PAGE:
Repeat offenders also have their driving privileges suspended for four months. To retrieve their license, they have to pay a $100 reinstatement fee, provide proof of insurance, and are required to get proof of financial responsibility (SR-22 certificate) from their insurance company every year for three years. This certificate is reported to the Secretary of State on a monthly basis and is used to prove that you are keeping insurance.
Failure to maintain the insurance for the required period will result in additional driver’s license suspensions. Without aggressive legal help from a skilled criminal attorney, you could be facing up to a year of jail time. Our lawyers at Andrew Nickel will stand up for you until you get the result you desire.
What Is the Punishment for Driving Without Insurance in Illinois If You Get into an Accident?
It gets even worse if a motorist gets into an accident while driving uninsured. The state fines and suspends the registration and license of a person involved in an accident while uninsured after being convicted twice for driving uninsured just as they usually would for a repeat offender.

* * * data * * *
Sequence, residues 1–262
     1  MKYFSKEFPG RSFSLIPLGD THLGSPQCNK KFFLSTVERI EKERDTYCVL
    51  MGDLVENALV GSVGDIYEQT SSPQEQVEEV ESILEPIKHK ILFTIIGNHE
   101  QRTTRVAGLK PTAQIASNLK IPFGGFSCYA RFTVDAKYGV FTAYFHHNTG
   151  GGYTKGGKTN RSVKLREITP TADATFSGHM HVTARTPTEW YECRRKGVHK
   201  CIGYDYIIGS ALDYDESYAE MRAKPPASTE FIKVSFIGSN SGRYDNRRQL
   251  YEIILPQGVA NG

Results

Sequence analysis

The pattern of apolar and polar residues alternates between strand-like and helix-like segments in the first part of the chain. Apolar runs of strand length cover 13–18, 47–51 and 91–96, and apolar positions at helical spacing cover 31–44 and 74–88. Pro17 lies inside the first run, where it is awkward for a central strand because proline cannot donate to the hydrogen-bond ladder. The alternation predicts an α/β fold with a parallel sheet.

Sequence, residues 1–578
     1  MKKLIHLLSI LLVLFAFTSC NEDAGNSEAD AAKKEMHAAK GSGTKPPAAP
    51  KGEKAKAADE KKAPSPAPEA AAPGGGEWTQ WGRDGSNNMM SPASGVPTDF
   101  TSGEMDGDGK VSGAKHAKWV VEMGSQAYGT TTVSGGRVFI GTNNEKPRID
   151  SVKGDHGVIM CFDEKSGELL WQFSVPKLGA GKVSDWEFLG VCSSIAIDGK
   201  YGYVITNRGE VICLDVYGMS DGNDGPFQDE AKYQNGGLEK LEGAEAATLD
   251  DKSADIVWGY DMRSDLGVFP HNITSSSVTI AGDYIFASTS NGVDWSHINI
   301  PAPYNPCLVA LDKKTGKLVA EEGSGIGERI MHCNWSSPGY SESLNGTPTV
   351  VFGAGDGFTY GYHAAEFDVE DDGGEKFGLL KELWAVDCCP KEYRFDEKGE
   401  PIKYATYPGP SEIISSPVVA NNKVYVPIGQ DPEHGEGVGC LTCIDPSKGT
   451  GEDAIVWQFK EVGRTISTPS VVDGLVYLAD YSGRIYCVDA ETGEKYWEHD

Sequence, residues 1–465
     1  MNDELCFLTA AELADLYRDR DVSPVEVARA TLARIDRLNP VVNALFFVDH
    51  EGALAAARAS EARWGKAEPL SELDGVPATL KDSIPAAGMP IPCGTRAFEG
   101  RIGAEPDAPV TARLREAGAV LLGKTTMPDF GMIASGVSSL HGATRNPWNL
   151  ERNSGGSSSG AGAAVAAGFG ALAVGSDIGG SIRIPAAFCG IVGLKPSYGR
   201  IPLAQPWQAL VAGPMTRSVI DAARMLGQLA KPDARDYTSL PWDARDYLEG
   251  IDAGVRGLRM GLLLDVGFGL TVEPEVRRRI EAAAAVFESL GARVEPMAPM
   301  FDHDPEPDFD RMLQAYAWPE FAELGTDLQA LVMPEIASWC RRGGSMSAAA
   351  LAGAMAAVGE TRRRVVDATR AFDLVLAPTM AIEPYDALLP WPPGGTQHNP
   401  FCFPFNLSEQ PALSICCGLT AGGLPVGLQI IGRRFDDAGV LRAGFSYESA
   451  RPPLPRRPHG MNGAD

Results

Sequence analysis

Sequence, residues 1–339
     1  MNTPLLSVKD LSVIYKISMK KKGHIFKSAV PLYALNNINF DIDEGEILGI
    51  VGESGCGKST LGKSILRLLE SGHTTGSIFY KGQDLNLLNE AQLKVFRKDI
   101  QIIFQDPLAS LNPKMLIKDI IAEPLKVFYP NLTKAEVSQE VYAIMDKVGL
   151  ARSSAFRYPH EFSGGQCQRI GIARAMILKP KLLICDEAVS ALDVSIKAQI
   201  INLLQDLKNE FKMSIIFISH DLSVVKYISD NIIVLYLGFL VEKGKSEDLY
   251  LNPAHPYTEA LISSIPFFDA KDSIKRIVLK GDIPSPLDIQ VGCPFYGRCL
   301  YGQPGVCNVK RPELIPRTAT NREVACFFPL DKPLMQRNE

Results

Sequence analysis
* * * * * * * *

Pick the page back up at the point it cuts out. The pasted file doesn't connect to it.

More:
In addition, the state will also charge an extra $2500 if the auto accident injured another person. Even worse, the driver’s car insurance company does not care if you’re a first offender or not, and they can sue you to recover their losses.
If you’re considered at fault for the vehicle accident, your liability coverage should pay for the damages, but if you don’t have auto insurance, the financial responsibility falls on you, and neither the state nor the other party will take this lightly. If you or a loved one is currently in this situation, reach out to us at The Law Offices of Andrew Nickel — you need an expert on your side to ensure that you do not face unnecessary punishments.
Penalties of Violating License Suspension After Driving in Illinois Without Insurance
Any first or second offender convicted of driving during the license suspension period will receive an additional six-month suspension. And driving with car plates suspended due to an insurance violation can incur an extra $1000 fine. Illinois adds an extra $1000 to the fine if the motorist drives the car while its registration is still under suspension.
As you can see, driving with a suspended license can lead to serious penalties for the average person. With over ten years of experience as local prosecutors, we understand how the system works and will fight for you if you are facing such charges.
Contact The Law Offices of Andrew Nickel for Sound Legal Advice
The lawyers at Andrew Nickel have helped countless people across the state get the justice they deserve. Our experienced Illinois criminal defense and traffic ticket attorneys can limit the severity of the penalties you face and get you back out driving on the road. Call our office today at (630) 553-7111 or schedule a free consultation here to begin building a strong defense.